Email woes. Use own domain? Help!
June 14, 2022 4:18 PM   Subscribe

My current email address is I own the domain through GoDaddy, and think it would be best to change my main email address to and then forward to my largeCanadianTelecom account. How do? Please explain like I'm five.

Some while back, largeCanadianTelecom chose to no longer run its own email servers and gave us all weird corporate accounts at Gmail. I found out the hard way that email addresses at largeCanadianTelecom are tied to a physical address. When I moved recently and tried to transfer my longstanding email account to the new address, I was told that this wasn't possible because my username bessl isn't long enough (I guess they gave me a Gmail account with that username for legacy reasons even though it didn't fit their criteria? Dunno). The workaround to keep my current email is that they kept the old physical address account with a balance of zero. This makes me nervous. Any tidying up of old accounts on their part might make my email address go away. I'd rather take some action myself to fix this problem.

Would this be something that I arrange through GoDaddy? What I'd like is for to be my email address, which then forwards to whatever email address I'm using through my largeCanadianTelecom account. Then if I change my ISP or my telecom gets weird in some other way, then I can just change the forwarding and it should be pretty seamless, right? How do I set this up? Or is this a bad idea?
posted by nuclear bessel to Computers & Internet (14 answers total)
Godaddy domain MAY OR MAY NOT come with email. You need to talk to their CS to figure out if you do have it.

If you don't, they offer what's known as "forwarders", i.e. they'll just forward stuff addressed to your domain over, which is what you need.


Even if you do have email included, you should be able to just ignore it and turn on forwarding instead.
posted by kschang at 4:25 PM on June 14, 2022 [1 favorite]

Why do you want to keep the largecanadiantelecom account? Just setup a gmail account, and have your new account forward there.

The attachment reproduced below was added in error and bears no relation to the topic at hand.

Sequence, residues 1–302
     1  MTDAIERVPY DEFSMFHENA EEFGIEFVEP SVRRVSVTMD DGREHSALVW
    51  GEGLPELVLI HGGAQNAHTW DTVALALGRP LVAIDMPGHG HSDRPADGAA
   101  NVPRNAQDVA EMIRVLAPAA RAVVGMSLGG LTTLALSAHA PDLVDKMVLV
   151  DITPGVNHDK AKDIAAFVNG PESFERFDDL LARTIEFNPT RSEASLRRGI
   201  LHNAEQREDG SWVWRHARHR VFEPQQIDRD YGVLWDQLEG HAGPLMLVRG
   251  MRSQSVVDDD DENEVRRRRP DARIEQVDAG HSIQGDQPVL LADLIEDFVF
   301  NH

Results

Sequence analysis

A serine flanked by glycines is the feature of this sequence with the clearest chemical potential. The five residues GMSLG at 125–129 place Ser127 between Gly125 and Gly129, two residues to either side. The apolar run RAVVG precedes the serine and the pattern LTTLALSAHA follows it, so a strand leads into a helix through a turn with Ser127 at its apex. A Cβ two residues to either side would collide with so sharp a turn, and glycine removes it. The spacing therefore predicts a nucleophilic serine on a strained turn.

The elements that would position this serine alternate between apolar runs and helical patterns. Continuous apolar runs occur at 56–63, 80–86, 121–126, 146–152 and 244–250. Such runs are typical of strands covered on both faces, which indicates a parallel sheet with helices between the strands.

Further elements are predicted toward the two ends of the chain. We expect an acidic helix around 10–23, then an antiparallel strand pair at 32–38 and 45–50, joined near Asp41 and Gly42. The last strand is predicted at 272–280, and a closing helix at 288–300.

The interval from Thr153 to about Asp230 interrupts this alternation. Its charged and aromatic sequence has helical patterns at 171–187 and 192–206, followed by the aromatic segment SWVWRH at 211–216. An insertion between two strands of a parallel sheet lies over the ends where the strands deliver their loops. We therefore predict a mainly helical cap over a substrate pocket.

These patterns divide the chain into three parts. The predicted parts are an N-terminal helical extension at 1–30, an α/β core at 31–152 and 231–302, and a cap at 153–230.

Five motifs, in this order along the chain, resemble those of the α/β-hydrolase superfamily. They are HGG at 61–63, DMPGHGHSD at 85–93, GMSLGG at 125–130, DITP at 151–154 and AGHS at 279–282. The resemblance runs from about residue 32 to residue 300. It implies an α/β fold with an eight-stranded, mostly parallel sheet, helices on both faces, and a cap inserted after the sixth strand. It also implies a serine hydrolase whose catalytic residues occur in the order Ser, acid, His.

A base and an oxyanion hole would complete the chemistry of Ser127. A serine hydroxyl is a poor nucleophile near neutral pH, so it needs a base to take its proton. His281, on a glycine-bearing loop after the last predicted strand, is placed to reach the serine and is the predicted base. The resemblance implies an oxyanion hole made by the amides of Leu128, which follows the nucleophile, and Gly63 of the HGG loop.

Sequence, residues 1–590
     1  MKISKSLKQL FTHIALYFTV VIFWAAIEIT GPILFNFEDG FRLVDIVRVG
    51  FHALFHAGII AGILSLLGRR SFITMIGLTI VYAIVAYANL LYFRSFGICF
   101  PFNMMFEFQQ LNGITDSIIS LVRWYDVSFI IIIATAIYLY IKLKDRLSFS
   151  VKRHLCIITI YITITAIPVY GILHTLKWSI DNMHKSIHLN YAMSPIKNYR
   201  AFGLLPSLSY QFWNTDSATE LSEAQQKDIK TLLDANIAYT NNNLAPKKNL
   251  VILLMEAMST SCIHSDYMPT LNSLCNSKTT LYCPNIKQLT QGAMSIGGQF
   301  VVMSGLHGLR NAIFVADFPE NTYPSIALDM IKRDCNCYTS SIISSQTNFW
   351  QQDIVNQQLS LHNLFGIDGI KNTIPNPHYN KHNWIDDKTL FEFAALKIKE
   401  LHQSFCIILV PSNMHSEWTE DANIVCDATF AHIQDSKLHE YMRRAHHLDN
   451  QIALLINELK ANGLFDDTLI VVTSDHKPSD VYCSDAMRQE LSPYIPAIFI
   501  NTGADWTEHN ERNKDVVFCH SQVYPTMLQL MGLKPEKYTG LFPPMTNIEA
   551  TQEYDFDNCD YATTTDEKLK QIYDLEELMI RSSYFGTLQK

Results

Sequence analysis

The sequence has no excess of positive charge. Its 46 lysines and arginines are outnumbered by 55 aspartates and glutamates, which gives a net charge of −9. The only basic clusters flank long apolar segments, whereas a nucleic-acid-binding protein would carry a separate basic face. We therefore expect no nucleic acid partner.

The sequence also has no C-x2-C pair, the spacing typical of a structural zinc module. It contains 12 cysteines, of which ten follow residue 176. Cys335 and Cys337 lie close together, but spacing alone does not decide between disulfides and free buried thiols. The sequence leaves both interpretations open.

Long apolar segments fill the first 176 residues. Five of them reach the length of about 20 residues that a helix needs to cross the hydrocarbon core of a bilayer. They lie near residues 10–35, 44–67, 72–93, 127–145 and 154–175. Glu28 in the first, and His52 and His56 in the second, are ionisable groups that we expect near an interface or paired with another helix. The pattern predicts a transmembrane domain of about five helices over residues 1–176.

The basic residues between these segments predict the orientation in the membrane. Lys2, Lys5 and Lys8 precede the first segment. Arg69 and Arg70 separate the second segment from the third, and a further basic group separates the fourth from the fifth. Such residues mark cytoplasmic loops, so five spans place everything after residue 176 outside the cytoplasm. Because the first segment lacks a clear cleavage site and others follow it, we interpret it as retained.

posted by 0bvious at 4:43 PM on June 14, 2022

Best answer: The problem with forwarding the way you suggest is that everyone will just hit reply and keep on using
Far better to sign up somewhere like Fastmail or ProtonMail, that will allow you to both send and receive as, then setup a forward from
posted by Lanark at 4:51 PM on June 14, 2022 [1 favorite]

Self-hosting email can be a huge headache and technical minefield because of spam filters not allowing the "little guys" through anymore. I would seriously recommend not doing this unless you are okay with emails you send getting randomly lost all the time and spending a huge amount of time troubleshooting why.
posted by srboisvert at 4:52 PM on June 14, 2022 [2 favorites]

I think tying yourself to an ISP email account is a bad idea, in general. The exact problem you are having now will recur when you next move or change your ISP. I would start with a Gmail account, forward your ISP email address to there and work on getting people to change their contacts to your Gmail account so that, over time, the ISP email address won't be in use and when it inevitably disappears, you'll hardly notice.

You can also set Gmail up to directly collect your ISP email as well as your new Gmail address. You could set up a rule to send a response to anyone that emails your ISP address asking them to change your address in their records.
posted by dg at 5:09 PM on June 14, 2022 [3 favorites]

Best answer: Seconding Lanark's suggestion of using an email specialist firm like Fastmail. They can handle your custom domain, and they do all the detail work of setting it up so as to not be flagged as spam.
posted by Winnie the Proust at 5:44 PM on June 14, 2022 [5 favorites]

Fastmail is a good choice, and they let you use your own domain. I might also suggest their sister company, They're an email forwarder, which means you can easily use whatever email client you want, not just Fastmail's (though POBox does have a webmail interface that's a cut-down version of Fastmail's). It's been working for me for several years through Apple mail, but works just as well with Outlook, Thunderbird, etc.

You'll need to navigate Godaddy's DNS interface to put in the correct values to get your email to the correct server. Email services give you the instructions you need, and Godaddy has their help screens as well.

There are plenty of major services that let you use your own domain; if you have an Apple account, you can use your domain with iCloud email; Microsoft will let you, as well, if you have an Office365 plan.

Good luck; this isn't as simple as it should be, but being tied to an ISP's domain is a bad choice.
posted by lhauser at 7:29 PM on June 14, 2022

Response by poster: Thanks, everyone, for the advice so far. If I understand correctly, then the consensus is that I should either get a Gmail account or get an email specialist firm like Fastmail to handle things.